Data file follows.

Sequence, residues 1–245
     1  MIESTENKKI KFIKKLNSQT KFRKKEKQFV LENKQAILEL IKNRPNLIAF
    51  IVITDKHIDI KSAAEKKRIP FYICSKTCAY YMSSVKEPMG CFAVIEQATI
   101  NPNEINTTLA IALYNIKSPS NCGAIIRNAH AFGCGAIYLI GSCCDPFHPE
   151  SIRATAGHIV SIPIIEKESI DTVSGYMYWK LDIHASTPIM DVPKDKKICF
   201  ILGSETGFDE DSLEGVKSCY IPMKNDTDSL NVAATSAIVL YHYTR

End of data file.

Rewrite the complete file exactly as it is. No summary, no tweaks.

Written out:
Sequence, residues 1–245
     1  MIESTENKKI KFIKKLNSQT KFRKKEKQFV LENKQAILEL IKNRPNLIAF
    51  IVITDKHIDI KSAAEKKRIP FYICSKTCAY YMSSVKEPMG CFAVIEQATI
   101  NPNEINTTLA IALYNIKSPS NCGAIIRNAH AFGCGAIYLI GSCCDPFHPE
   151  SIRATAGHIV SIPIIEKESI DTVSGYMYWK LDIHASTPIM DVPKDKKICF
   201  ILGSETGFDE DSLEGVKSCY IPMKNDTDSL NVAATSAIVL YHYTR